In the wake of a devastating flood in Louisiana, the Federal Emergency Management Agency is trying to debunk the perception that residents outside of a 100-year flood zone are safe from disaster.
The agency is working to implement new data-modeling and risk-assessment tools recommended in a 2015 annual report given to FEMA by the Technical Mapping Advisory Council, a federal commission that makes recommendations to the agency. Those recommendations were the subject of a Senate Banking, Housing and Urban Affairs Committee hearing Tuesday.
“Today, most homeowners do not understand the true flood risk to their properties,” said Committee Chairman Richard Shelby (R-Ala.) at today’s hearing. “FEMA’s rate model was and still is based on limited data from the early ’70s, and nearly half of FEMA’s maps remain out of date.”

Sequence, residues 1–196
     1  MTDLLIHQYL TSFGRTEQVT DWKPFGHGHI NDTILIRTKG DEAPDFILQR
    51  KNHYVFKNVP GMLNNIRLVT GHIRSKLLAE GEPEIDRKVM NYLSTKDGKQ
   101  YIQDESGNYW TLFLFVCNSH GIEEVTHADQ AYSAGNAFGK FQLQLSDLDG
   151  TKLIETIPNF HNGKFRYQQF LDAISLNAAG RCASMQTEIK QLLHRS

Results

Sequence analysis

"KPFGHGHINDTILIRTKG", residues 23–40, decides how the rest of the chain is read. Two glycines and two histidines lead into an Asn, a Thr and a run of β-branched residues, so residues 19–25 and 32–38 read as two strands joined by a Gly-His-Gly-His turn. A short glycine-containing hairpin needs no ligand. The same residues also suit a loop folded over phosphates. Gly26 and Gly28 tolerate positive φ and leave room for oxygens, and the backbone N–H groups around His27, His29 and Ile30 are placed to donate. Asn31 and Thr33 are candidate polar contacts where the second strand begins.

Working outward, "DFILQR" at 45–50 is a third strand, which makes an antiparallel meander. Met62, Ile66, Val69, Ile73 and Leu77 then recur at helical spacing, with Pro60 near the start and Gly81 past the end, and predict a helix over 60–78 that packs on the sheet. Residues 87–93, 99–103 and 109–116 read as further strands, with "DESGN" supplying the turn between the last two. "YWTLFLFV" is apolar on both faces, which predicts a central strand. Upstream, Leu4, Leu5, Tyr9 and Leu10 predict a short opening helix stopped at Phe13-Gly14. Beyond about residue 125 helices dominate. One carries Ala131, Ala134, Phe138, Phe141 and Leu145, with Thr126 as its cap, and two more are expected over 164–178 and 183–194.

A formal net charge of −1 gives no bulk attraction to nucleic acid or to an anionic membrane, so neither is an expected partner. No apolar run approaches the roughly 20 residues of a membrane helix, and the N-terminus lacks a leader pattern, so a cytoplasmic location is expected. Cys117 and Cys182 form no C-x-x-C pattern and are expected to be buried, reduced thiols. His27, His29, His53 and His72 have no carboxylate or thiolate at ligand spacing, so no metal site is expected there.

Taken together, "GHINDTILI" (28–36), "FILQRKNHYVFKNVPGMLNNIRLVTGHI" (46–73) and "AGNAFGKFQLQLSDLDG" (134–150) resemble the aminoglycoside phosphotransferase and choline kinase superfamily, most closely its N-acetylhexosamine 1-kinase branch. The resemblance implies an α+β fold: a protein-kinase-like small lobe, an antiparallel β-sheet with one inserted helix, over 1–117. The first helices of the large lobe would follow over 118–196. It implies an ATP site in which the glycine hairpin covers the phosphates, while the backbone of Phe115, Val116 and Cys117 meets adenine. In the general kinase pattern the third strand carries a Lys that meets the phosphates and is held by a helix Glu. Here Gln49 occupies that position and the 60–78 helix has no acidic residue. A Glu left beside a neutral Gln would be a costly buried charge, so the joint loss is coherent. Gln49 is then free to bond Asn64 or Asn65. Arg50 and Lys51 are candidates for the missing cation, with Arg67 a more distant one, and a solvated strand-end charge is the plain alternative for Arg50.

Technical Mapping Advisory Council Chairman John Dorman emphasized to lawmakers the need to change the “perception” of safety for residents outside of the 100-year flood risk zone, such as many in Louisiana.
Sen. David Vitter noted that in his home state of Louisiana, most victims of the recent flood lacked coverage under the National Flood Insurance Program.
“Unfortunately only about 22 percent of those flooded had flood insurance, not because they didn’t meet some requirement or some notion of what was a prudent thing to do — rather, they were way outside what was understood as any sort of flood zone,” the Republican senator said.
“Some homeowners and businesses had flood insurance policies to help their recovery” in Louisiana, said ranking member Sherrod Brown (D-Ohio). “But many others did not, possibly because it wasn’t required or because they assumed they were safe outside of the 100-year floodplain.”
The report from the Technical Mapping Advisory Council recommends a transition from a 100-year model of flood risk to a more precise model, as well as better risk assessments.